The Damned Don’t Cry (1950)

The Damned Don't Cry poster

This is my contribution to the Joan Crawford Blogathon, hosted by Crystal at In the Good Old Days of Classic Hollywood. Please do visit and read the other postings, covering a great range of films.

In her mid-40s when The Damned Don’t Cry was made, Joan Crawford was just a little too old for the part of a gangster’s moll. Yet that’s just what makes this movie so compelling, as she pours herself one more time into the kind of working girl role she had made her own earlier in her career. Although the film is often described as a noir, in some ways it is a successor of pre-Codes like Baby Face. Just like Barbara Stanwyck’s character in that film, Crawford here has nothing but her looks and her wits, and uses them to climb from one man to another, taking revenge on a world which has wronged her.

At the start of the film, a gangster’s body is thrown out of a car. Police start to search for a missing socialite linked with the dead man, Lorna Hansen Forbes, only to discover that her name and her whole lifestyle appear to be fake. Where did she come from? As they try to find out, Lorna (Crawford) turns up at the poor shack where her parents live. Her mother greets her as “Ethel”, but her father coldly ignores her.

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Dallas (Stuart Heisler, 1950)

dallas 1I’ve been watching a few 1950s Westerns lately, and enjoyed this gorgeously-filmed Technicolor offering from the start of the decade, starring Gary Cooper. It’s one of his lesser films, and rather uneven, with some unbelievable plot twists, but still a good role for him. Cooper plays a haunted man – a former Confederate officer, Blayde “Reb” Hollister, who has lost everything in the war. For Reb, the conflict is still going on, as he turns  outlaw and has a price on his head. Ruth Roman stars opposite Cooper, with Leif Erickson, Raymond Massey and Steve Cochran also featuring in a fine cast.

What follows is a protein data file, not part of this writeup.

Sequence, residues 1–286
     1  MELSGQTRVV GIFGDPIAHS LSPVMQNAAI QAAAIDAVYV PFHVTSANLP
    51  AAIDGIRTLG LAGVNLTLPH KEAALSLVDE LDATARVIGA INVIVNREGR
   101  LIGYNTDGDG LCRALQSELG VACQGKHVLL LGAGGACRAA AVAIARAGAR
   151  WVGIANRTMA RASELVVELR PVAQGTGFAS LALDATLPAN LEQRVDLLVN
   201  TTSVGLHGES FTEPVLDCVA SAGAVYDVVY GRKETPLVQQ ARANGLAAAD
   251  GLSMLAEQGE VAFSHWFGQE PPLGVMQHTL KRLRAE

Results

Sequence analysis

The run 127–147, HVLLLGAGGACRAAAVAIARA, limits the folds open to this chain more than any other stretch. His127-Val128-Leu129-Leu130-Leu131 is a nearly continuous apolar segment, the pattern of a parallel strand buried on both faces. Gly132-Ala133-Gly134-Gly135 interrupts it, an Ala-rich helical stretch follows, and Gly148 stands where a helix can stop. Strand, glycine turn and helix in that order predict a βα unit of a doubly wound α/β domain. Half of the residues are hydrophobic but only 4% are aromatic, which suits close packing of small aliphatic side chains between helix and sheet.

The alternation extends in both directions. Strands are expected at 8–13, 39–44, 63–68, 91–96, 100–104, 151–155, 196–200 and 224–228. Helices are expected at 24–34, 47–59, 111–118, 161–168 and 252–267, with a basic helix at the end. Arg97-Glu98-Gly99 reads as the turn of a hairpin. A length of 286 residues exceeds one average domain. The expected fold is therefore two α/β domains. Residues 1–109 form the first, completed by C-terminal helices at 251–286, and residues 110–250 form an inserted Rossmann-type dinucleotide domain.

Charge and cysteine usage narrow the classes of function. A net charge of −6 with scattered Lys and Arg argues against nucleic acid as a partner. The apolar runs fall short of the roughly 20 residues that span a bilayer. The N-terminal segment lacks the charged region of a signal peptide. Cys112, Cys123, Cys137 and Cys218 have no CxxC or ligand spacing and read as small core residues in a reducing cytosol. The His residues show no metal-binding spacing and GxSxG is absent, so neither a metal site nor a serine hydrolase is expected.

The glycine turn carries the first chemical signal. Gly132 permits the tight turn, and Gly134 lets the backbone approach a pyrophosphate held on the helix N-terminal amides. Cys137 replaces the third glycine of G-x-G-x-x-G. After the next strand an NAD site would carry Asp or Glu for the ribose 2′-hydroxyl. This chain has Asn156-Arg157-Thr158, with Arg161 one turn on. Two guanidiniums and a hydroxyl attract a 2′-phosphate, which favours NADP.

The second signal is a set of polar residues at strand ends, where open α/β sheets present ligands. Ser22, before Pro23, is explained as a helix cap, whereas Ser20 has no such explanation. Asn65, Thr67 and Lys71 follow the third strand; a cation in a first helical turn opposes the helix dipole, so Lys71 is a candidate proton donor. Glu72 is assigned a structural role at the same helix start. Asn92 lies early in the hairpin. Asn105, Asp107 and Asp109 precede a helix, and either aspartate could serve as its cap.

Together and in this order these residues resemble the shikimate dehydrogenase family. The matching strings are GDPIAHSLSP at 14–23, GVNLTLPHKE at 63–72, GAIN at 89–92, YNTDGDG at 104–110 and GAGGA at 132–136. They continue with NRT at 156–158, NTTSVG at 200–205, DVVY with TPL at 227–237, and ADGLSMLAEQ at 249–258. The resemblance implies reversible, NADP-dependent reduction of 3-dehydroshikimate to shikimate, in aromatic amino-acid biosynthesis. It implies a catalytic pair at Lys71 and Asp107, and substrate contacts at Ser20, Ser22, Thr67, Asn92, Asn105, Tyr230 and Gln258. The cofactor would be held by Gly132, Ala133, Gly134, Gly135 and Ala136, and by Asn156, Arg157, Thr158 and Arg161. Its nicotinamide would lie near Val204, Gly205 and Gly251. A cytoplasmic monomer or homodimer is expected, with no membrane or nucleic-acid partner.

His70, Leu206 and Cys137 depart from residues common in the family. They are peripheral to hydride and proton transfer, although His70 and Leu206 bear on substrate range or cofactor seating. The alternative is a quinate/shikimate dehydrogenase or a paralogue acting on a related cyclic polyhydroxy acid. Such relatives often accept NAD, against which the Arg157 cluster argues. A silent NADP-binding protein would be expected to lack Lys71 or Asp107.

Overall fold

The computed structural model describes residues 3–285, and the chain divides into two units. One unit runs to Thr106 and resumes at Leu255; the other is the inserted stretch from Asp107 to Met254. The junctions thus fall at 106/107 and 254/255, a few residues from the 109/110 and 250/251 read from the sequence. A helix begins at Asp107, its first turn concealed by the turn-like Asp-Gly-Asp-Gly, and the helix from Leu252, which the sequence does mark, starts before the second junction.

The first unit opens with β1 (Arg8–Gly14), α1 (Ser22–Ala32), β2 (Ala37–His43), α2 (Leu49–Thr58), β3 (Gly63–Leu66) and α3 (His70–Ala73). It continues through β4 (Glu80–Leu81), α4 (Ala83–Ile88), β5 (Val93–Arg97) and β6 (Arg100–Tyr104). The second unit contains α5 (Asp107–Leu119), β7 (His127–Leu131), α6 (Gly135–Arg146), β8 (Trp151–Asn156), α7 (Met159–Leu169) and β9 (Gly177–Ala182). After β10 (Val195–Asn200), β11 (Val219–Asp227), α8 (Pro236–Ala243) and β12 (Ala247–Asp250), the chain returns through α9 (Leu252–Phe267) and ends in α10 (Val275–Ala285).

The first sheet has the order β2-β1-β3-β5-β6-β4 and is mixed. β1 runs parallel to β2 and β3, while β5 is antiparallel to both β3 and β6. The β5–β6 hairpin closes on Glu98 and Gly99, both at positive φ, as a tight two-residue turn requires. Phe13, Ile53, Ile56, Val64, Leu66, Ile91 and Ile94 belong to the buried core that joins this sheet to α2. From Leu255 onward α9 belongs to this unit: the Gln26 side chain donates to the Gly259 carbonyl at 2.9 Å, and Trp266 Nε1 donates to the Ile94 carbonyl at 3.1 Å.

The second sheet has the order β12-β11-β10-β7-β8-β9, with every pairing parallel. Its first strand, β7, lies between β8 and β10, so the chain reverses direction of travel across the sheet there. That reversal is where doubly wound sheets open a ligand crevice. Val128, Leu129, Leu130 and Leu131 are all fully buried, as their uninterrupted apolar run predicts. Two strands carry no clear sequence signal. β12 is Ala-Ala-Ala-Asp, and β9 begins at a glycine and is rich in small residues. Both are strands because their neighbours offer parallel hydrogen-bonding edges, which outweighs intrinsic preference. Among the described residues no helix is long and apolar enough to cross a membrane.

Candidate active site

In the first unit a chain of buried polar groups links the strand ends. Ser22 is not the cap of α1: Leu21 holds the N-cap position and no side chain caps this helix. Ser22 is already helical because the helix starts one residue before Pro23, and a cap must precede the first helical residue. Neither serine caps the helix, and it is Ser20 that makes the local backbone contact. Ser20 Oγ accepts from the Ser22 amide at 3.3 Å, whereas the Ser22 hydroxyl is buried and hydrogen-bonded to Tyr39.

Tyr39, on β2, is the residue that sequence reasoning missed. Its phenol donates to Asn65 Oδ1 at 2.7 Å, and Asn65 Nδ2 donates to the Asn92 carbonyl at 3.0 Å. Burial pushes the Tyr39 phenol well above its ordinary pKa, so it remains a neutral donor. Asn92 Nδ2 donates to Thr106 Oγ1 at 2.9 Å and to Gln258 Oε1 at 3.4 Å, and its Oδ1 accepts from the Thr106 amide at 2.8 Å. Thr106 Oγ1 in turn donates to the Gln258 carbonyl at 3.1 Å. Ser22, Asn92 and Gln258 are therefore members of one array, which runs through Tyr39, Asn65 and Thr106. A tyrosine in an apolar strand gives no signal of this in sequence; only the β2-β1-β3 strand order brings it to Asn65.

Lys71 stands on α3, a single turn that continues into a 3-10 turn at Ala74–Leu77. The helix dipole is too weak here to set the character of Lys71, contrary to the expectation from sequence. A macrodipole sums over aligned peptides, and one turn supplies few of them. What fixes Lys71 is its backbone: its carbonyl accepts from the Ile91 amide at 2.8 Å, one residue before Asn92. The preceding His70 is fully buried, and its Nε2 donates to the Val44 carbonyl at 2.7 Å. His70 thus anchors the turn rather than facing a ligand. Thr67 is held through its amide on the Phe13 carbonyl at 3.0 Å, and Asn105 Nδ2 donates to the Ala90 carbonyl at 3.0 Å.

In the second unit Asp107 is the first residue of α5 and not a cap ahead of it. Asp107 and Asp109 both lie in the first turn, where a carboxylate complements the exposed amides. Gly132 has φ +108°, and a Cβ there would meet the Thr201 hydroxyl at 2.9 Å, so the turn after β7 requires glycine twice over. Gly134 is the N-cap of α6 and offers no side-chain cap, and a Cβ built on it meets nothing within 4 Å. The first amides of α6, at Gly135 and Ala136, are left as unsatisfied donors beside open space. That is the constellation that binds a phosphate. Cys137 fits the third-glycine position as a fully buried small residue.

Cooper was pushing 50 when he made this, and his leading-man looks are noticeably fading. But his weary, melancholy features make his role as a lonely outsider all the more poignant. His character is someone who has been left behind, and is trying to make his way in a world which has moved on without him. This reminded me of Bogart’s character in a film director Stuart Heisler made the previous year, Tokyo Joe, who is also emotionally stranded after a war, though in his case it is the Second World War.  (Both films also have a strong focus on love triangles, as does Blue Skies, the only other Heisler film I’ve seen, which, as a Bing Crosby and Fred Astaire musical,  is otherwise worlds away from this one, )

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